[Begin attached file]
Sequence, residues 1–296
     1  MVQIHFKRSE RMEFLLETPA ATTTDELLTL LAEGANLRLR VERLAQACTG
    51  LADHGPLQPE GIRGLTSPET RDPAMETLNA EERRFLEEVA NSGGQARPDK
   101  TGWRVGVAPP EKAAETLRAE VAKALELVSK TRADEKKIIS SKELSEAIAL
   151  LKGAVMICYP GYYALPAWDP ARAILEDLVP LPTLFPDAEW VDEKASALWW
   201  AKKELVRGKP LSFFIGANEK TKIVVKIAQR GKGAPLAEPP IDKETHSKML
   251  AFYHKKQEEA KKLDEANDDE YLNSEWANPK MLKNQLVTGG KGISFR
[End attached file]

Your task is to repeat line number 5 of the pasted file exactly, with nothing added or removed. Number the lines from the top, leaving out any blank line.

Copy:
   151  LKGAVMICYP GYYALPAWDP ARAILEDLVP LPTLFPDAEW VDEKASALWW